The company has been running between 95 and 120 percent of full capacity for the last few years thanks largely to robust international sales and a growing U.S. market.
says Pakalnis. “We’ve really turned from a milk balancing plant to a regional dairy ingredient facility.”
The company has added more than a dozen employees in the last two years and the payroll will continue to grow as the new Texas facility comes online. These facilities are largely automated, allowing CDF to reduce the overall number of employees, but they simultaneously increase the need for a younger, more digitally literate workforce.
“Steve has come to realize that millennials are so technologically savvy and he says it’s great because the plant is so automated,” she says. “It’s helpful to have millennials who can understand the automation a lot more quickly sometimes they get a bad rap, but they are some of our most dedicated workers.”
Supporting the community
There are many ways to measure success at a company like CDF. While it’s left a distinct impression on the international market and steadily expanded its presence across the U.S., Pakalnis says that CDF’s reputation in its own hometown is one of the biggest points of pride for the management team.
“Coopersville was hit really hard by the automotive downturn and [the facility] was a Delphi plant beforehand, so the community was very skeptical of us,” she says. “We actually had to go into closed city council meetings to reassure them that we mean what we say and are not going to leave in two years down the line and leave them with a lot of debt.”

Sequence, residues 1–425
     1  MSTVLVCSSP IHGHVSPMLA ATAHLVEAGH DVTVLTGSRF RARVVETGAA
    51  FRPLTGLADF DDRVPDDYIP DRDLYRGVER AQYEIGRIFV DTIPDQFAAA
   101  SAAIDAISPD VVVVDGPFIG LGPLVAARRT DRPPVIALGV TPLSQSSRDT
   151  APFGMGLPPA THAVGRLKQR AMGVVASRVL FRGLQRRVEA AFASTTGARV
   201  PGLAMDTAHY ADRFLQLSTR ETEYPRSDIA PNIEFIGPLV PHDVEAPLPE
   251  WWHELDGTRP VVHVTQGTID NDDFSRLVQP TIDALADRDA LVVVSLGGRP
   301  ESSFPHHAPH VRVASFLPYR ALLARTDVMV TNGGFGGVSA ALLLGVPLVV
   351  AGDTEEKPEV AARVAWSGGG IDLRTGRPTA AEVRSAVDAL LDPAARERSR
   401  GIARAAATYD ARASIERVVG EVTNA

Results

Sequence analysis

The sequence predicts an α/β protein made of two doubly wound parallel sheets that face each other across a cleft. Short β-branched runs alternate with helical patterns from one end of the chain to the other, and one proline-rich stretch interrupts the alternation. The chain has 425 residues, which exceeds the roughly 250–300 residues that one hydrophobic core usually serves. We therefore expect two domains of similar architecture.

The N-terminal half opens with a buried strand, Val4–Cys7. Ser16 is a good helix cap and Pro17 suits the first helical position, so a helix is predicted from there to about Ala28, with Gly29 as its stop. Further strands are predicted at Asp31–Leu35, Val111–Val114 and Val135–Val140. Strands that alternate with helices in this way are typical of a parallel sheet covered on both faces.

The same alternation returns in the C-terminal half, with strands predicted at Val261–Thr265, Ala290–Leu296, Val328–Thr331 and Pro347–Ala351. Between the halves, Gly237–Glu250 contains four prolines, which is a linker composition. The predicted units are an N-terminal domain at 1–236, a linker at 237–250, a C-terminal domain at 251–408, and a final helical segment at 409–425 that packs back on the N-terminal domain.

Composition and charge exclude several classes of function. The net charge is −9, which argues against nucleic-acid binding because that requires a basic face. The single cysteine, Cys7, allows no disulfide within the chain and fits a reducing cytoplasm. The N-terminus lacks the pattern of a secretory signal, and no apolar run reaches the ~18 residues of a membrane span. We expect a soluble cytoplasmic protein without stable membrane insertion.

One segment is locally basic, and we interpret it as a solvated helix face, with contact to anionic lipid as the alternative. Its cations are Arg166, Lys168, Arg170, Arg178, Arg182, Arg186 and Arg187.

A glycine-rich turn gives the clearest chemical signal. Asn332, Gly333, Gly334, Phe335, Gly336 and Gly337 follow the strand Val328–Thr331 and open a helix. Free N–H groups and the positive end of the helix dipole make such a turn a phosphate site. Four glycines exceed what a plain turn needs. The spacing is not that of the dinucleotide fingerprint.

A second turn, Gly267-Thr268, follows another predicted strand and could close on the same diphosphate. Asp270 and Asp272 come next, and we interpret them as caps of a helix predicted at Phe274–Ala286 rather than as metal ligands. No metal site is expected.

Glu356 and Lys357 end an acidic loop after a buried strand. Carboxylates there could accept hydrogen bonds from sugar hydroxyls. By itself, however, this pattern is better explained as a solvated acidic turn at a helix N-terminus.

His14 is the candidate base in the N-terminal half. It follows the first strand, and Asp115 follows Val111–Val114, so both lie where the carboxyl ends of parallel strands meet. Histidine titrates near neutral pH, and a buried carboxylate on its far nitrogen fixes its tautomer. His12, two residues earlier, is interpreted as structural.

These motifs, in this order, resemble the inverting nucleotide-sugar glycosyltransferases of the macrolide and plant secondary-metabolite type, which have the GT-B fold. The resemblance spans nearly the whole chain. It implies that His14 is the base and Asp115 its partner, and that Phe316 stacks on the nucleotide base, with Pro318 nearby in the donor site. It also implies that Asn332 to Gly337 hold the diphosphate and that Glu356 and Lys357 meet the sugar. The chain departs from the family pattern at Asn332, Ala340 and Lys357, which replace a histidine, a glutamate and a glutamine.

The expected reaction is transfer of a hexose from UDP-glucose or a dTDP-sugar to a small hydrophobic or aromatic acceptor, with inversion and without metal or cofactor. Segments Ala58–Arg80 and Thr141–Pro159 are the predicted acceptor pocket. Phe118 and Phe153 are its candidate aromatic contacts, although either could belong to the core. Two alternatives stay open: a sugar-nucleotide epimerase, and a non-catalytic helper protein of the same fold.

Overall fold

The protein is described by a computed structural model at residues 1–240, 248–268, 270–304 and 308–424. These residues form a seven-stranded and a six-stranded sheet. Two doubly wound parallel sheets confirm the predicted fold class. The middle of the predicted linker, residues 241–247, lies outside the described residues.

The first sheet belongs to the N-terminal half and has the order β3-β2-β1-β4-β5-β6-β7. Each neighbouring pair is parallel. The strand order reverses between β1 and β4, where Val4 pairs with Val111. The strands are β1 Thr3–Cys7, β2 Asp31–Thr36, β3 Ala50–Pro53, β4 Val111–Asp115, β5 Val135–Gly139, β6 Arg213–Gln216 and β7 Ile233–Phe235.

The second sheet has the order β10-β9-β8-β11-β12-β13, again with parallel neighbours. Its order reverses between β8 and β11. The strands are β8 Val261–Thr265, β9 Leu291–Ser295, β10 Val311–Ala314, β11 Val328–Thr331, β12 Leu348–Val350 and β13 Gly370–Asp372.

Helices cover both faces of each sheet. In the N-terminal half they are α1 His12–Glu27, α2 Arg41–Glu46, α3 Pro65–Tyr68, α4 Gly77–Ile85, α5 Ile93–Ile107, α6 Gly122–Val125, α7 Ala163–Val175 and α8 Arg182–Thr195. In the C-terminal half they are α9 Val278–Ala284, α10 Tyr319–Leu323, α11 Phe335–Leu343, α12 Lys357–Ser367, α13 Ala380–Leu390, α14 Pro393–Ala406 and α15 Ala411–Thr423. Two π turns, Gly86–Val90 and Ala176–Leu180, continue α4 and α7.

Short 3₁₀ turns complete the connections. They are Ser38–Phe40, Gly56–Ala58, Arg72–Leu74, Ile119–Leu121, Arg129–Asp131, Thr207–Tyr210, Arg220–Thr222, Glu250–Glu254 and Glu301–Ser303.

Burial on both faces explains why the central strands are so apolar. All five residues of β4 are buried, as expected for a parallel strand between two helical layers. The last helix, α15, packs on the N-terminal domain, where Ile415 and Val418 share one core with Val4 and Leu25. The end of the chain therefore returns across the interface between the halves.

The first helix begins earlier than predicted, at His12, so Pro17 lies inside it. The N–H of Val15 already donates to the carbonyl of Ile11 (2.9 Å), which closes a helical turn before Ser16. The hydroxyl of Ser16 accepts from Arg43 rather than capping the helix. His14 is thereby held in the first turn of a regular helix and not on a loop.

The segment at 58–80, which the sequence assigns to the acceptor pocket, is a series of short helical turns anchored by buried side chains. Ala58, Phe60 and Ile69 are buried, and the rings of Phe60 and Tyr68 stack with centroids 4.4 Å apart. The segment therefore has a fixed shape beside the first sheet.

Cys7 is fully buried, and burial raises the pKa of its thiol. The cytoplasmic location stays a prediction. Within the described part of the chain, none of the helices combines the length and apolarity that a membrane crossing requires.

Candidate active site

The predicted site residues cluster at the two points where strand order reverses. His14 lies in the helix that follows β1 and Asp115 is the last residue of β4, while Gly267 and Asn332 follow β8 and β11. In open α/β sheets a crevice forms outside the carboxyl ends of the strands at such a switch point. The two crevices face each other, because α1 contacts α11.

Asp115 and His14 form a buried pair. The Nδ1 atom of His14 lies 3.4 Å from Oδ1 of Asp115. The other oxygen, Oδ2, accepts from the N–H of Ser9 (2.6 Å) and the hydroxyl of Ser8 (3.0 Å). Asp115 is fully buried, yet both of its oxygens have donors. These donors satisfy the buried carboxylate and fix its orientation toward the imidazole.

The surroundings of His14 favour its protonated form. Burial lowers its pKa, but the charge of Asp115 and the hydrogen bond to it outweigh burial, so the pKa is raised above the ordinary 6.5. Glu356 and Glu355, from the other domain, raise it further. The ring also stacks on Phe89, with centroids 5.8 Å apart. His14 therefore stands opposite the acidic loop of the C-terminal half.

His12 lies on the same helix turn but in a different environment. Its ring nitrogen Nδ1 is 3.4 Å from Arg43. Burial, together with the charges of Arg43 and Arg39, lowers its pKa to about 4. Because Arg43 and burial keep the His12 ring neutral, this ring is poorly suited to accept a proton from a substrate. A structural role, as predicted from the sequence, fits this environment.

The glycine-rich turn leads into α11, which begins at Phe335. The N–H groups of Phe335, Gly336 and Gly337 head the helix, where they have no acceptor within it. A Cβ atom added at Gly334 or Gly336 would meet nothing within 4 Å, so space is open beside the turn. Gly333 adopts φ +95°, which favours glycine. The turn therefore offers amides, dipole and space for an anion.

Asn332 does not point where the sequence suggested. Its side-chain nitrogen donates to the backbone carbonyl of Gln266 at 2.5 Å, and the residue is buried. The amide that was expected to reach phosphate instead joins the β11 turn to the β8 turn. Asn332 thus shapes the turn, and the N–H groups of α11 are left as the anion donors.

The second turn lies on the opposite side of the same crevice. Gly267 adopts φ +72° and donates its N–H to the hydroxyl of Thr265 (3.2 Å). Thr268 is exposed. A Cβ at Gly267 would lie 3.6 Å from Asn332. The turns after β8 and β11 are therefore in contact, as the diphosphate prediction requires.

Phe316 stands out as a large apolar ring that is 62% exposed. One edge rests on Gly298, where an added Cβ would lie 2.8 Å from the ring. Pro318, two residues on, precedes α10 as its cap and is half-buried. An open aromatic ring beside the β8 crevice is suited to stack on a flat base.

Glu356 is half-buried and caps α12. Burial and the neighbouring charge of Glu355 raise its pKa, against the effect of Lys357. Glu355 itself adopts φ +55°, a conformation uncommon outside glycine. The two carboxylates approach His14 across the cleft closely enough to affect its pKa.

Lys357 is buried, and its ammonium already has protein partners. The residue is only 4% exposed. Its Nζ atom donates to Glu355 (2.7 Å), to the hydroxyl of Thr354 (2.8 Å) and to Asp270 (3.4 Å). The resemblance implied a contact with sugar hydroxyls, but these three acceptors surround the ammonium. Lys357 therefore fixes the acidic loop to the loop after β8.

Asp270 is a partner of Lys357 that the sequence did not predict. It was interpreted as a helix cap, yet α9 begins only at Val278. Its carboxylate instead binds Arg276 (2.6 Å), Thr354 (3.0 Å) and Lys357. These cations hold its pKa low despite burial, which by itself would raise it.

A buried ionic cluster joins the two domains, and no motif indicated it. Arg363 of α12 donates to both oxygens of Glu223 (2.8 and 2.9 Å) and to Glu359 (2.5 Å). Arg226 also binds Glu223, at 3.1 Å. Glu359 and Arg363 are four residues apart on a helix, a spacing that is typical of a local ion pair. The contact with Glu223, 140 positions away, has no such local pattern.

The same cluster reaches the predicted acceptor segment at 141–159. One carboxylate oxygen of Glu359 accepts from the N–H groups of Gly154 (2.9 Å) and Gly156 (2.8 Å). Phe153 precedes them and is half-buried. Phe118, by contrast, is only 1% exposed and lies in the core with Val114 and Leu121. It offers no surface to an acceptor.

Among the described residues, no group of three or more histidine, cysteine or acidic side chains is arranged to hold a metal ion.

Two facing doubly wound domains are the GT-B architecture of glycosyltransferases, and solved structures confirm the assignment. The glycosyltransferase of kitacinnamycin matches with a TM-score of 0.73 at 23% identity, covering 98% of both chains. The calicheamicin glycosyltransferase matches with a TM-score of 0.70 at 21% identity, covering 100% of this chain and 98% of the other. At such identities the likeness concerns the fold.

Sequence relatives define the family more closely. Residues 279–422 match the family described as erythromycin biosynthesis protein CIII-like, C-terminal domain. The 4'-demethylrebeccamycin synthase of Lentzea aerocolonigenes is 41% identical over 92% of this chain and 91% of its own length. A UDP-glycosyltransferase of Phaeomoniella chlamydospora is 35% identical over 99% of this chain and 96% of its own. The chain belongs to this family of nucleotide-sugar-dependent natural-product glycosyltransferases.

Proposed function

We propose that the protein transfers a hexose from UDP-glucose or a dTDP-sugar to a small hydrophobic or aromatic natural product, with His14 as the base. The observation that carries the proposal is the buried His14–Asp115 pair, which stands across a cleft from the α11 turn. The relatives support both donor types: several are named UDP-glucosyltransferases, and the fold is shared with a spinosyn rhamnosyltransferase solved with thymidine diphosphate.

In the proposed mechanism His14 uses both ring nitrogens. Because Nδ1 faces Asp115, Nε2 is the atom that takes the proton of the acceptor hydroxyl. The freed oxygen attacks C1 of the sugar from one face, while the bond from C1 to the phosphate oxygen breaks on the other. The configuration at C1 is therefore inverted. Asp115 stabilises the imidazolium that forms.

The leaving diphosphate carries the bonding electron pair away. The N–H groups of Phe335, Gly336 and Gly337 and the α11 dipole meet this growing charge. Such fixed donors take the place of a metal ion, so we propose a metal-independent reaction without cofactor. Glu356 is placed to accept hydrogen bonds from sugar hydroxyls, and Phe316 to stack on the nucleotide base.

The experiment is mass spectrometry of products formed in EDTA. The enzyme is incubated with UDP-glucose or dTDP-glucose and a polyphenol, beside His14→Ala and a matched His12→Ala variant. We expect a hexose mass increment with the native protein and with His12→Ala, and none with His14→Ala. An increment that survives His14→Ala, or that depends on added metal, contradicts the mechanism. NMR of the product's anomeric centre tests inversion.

CDF worked hard to become an involved, valuable member of the community in ways beyond simply job creation, but also assisting in the development of community block grants for a wastewater facility and supporting various nonprofits in the area. “That helps to show our organization has a face to it and has really been part of our success and our low turnover rate,” she says.
Pakalnis credits the ease of transition to the new Texas plant at least in part to CDF’s unique organizational culture, which emphasizes promoting from within and reinvesting in its workforce. “I actually started at the plant in a sanitation role during college and I stuck with the organization because if you’re not afraid to work hard they’re willing to train you and you can move up within the organization,” she says.
An easily approachable management team is another factor in the success of CDF, according to Pakalnis. “The employees know who Steve is and they have an open door policy so they are able to walk right in. Jeff Galbraith, our director of operations and Steve also never left during the commissioning of the plant, which just goes to show they are not afraid to get their hands dirty,” she says. “That’s when I realized that I want to work for a company where your general manager or your chief operations officer are there to answer your questions.”
With a strong company culture and a new plant coming online that will soon double its processing capacity, Continental Dairy Facilities LLC is poised to continue along its unprecedented growth trajectory in the dairy industry.